Stevenage teenager praised for actions at road crash
A QUICK-thinking teenager who dashed to the rescue of a critically injured cyclist following an accident has been praised by the ambulance service. Kerise Powell, of Weston Road, Stevenage, has been awarded a certificate of commendation for helping to sta
A QUICK-thinking teenager who dashed to the rescue of a critically injured cyclist following an accident has been praised by the ambulance service.
Kerise Powell, of Weston Road, Stevenage, has been awarded a certificate of commendation for helping to stabilise the 82-year-old man at the scene of a serious accident in October.
The 18-year-old was outside the Oaklands College Smallford campus in St Albans, where he is studying for a plastering diploma, when he saw the events unfold.
A motorcyclist was in collision with the cyclist as he crossed the road.
The cyclist was left with life-threatening injuries and the motorcyclist, who landed several feet away from the collision, was slightly injured.
Without hesitation, Kerise ran over to help and called for an ambulance.
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The former Marriotts School pupil began to stabilise and comfort the elderly man on the road, ensuring he remained conscious and reassuring him that help was on its way.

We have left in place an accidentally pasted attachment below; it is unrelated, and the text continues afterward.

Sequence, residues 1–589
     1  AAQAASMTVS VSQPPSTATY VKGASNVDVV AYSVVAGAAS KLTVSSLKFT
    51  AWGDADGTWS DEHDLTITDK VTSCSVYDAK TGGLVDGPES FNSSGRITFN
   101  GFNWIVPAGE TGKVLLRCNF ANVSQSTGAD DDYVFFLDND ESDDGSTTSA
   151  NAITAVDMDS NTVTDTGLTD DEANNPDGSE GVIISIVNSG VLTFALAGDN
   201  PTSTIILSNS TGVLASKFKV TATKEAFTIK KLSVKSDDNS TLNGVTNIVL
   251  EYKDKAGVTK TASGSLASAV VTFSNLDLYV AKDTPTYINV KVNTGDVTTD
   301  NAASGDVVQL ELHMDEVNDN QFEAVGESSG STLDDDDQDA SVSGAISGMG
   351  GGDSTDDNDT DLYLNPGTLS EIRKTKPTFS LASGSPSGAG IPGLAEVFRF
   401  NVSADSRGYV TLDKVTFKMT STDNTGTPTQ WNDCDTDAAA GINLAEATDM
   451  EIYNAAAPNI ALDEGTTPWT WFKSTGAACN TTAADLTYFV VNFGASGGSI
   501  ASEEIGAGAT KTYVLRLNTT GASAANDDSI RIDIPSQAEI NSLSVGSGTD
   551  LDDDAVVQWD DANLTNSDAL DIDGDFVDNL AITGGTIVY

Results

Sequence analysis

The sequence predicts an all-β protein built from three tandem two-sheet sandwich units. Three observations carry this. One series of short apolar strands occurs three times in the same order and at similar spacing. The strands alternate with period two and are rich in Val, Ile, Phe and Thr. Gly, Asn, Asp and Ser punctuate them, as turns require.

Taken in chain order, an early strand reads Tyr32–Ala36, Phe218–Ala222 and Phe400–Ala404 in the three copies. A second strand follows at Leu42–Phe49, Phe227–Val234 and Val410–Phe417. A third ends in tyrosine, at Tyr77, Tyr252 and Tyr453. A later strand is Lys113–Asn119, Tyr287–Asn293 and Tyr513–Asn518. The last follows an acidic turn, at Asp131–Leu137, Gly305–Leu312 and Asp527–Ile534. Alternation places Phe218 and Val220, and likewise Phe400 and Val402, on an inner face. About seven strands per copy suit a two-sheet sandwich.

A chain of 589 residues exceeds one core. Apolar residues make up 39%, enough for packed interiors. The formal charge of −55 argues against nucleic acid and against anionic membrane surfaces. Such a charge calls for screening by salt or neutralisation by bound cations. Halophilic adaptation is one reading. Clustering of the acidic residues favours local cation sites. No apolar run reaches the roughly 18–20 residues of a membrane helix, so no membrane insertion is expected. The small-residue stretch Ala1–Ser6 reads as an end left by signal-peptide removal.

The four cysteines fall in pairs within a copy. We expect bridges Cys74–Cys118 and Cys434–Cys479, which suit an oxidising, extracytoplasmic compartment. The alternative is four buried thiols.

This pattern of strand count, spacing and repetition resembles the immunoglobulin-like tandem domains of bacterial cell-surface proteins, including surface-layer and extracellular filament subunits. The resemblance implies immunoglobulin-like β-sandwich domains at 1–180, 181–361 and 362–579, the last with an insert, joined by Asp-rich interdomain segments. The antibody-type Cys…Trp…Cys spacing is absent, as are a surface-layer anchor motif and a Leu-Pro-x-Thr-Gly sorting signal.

Kerise said: "He was pretty critical as he had multiple injuries, but he was still conscious and talking. I was just checking if he was ok and held his neck still."
Following extensive treatment by paramedics and the helicopter crew of Helimed 7, the patient was airlifted to the Royal London hospital and he has since been transferred to Watford General hospital where he is stable.
The ambulance trust soon contacted Kerise to invite him and his friend James Grosch, who was also at the scene, to Stevenage ambulance station to collect the award.
Richard Griffiths, duty operations manager for the ambulance trust, was first at the scene and said: "When I arrived Kerise introduced himself and gave me an exact account of what had occurred. Whilst the two ambulances were en route to the scene, Kerise managed to keep the patient's head still whilst I treated his injuries. The man had sustained a fractured femur, pelvis and a serious chest injury."
Gary Sanderson, ambulance communications manager, was also on the scene and said: "It was a pleasure to pass on his award on behalf of the crews who were involved in this incident. Kerise leapt in to action and made sure both casualties were ok before our arrival, he thoroughly deserves the recognition from our trust."
Lee Appleton, who teaches Kerise at Oaklands College, said: "I have only known him for a few months and he is an outstanding young man. He is always helpful and he is coming on really well, he thoroughly deserves his award, well done.